Our aim is to ensure that laws and policies help to keep young refugees and migrants safe and protect their rights as children, regardless of their immigration status or nationality.
This means making sure that they are healthy, have somewhere safe to live, have access to good quality legal support, are able to achieve in education and access out of school activities.
For those who are separated from their families and are particularly vulnerable, we want to make sure they have extra support by trusted adults who have their best interests in mind.
We do this by:
- working with central and local government, parliamentarians and the voluntary sector to identify problems and solutions that support refugee and migrant children
- working closely with our practitioners and researchers to ensure that the views of children and young people are heard by decision-makers.
Working together to achieve our aim
We are members of the Government's National Asylum Stakeholder Forum. We provide evidence to inquiries and select committees about the plight of refugee children, as well as raising awareness about the problems they face by speaking at events and conferences, and writing commentary for publications.
We work collaboratively with a range of charities to help refugee children. We co-chair the Refugee Children's Consortium, a group of over 30 non-governmental organisations (NGOs) working collaboratively to ensure that the rights and needs of refugee children are promoted, respected and met in accordance with relevant domestic, regional and international standards.
In April 2013, the Government implemented changes to the legal aid system which means that separated or unaccompanied migrant children – those without a parent or guardian in this country – are no longer be able to get free support with their immigration cases. Our report, Cut Off From Justice: The impact of excluding separated migrant children from legal aid, focuses on the issue.
Around 3,000 children arrive in the UK alone every year seeking asylum. Our briefing Going it alone: Children in the asylum process describes the asylum process from the perspective of these children and is based on extensive consultation with young people. It highlights the barriers and unequal treatment they face as they struggle to navigate complex and adult systems to get the support they need. Without one consistent carer that can oversee, coordinate and guide them through such processes, these vulnerbale children can fall through the gaps.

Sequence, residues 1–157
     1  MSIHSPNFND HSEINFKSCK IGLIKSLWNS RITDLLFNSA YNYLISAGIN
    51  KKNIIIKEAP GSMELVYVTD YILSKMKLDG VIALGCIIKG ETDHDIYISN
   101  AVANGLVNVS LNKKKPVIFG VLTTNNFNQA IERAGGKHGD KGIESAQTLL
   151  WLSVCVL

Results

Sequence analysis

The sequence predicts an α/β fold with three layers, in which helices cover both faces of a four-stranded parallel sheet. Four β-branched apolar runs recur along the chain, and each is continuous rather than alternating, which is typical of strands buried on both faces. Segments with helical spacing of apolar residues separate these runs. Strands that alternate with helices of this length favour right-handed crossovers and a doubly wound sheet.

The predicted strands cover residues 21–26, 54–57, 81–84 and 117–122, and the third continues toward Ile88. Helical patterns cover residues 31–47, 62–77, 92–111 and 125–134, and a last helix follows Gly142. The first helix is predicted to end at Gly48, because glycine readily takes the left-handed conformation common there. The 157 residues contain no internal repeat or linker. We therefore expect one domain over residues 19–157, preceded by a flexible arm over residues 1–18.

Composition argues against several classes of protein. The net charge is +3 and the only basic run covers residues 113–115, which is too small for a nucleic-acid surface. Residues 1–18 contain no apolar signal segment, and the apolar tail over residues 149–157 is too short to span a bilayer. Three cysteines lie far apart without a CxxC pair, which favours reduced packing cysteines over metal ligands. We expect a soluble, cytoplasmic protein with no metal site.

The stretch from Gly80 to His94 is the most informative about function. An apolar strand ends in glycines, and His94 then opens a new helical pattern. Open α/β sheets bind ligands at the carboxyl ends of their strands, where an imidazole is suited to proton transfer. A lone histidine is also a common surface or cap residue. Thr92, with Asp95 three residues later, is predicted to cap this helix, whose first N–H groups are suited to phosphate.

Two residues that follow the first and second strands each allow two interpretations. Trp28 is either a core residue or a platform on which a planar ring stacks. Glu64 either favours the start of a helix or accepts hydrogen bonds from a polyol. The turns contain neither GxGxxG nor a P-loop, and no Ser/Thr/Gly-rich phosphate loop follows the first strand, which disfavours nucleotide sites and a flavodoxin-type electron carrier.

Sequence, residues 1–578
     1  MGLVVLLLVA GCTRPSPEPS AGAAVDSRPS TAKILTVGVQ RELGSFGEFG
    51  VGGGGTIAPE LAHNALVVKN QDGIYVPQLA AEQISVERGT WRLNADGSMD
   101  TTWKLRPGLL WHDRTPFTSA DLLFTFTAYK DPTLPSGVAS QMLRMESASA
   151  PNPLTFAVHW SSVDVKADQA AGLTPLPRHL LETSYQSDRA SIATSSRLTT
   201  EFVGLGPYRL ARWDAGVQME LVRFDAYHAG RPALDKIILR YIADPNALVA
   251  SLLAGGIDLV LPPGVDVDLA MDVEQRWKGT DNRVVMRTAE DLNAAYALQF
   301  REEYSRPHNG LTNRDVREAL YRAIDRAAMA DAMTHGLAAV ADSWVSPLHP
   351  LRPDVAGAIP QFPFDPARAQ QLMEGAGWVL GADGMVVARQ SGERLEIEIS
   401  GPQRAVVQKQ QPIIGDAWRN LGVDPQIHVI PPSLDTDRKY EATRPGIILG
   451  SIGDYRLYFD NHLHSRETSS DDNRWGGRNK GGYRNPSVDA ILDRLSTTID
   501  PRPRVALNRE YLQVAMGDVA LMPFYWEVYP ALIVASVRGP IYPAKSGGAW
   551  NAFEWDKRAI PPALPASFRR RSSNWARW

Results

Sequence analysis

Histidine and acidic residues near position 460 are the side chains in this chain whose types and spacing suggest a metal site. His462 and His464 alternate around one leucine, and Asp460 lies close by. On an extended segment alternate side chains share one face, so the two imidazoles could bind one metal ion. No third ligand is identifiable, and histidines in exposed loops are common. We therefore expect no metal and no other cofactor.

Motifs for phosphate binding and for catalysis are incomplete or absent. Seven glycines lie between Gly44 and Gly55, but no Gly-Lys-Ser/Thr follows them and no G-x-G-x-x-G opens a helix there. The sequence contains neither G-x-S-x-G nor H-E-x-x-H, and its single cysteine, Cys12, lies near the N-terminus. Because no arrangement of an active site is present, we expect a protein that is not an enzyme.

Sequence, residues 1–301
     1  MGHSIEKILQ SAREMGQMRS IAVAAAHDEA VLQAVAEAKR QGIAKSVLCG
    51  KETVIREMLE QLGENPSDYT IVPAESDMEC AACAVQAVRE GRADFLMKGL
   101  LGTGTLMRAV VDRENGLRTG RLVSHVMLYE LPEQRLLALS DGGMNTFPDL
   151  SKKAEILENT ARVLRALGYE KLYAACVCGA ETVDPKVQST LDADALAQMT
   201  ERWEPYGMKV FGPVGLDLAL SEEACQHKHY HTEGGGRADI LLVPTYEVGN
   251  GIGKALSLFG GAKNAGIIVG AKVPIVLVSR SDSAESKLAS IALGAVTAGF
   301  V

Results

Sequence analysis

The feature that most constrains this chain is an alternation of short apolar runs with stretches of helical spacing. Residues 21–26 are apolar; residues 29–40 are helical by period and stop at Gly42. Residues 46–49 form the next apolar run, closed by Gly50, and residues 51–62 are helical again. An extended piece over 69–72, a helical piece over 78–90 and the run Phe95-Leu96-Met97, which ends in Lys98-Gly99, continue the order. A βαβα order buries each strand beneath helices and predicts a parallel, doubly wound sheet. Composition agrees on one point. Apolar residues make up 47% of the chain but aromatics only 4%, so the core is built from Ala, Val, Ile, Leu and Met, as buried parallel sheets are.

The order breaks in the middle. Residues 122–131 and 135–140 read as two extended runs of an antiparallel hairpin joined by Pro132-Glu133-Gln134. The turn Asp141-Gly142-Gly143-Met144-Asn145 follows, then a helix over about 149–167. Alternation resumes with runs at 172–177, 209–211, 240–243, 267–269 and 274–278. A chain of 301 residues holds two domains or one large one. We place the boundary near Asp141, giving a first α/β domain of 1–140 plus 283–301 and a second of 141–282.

We are calling for a system of legal guardianship for these children. This would mean an independent guardian with legal authority would be there to support them to overcome language and cultural barriers and to know and access their rights by holding agencies to account.
Our joint report, Protecting children through guardianship: the costs and benefits of guardians for separated children with UNICEF UK finds that such a system could save money in the long term. You can also download the full report.
We have been concerned about the levels of destitution facing refugee and asylum-seeking children for many years.
Our report, I don’t feel human, experiences of destitution among young refugees and migrants, reveals that incredibly vulnerable young people are being left homeless and hungry. They are forced to resort to increasingly desperate means in order to survive.
We know from our practice that children are growing up in households without food, heating or toys, that mothers feel forced to prostitute themselves in order to survive, and that pregnant women cannot afford to eat or access vital healthcare.
We are committed to ending child trafficking and work closely with partner organisations such as the campaign to end child prostitution, child pornography and the trafficking of children for sexual purposes – ECPAT UK – to realise this aim. Our report on hidden children brings to light some of the realities for these children.
Child victims of trafficking need additional support and protection to help them escape exploitative situations. All too often, children involved in illegal activities due to coercion are treated as criminals rather than recognised as victims of trafficking and provided with the specialist welfare support they need in order to move forward in their lives.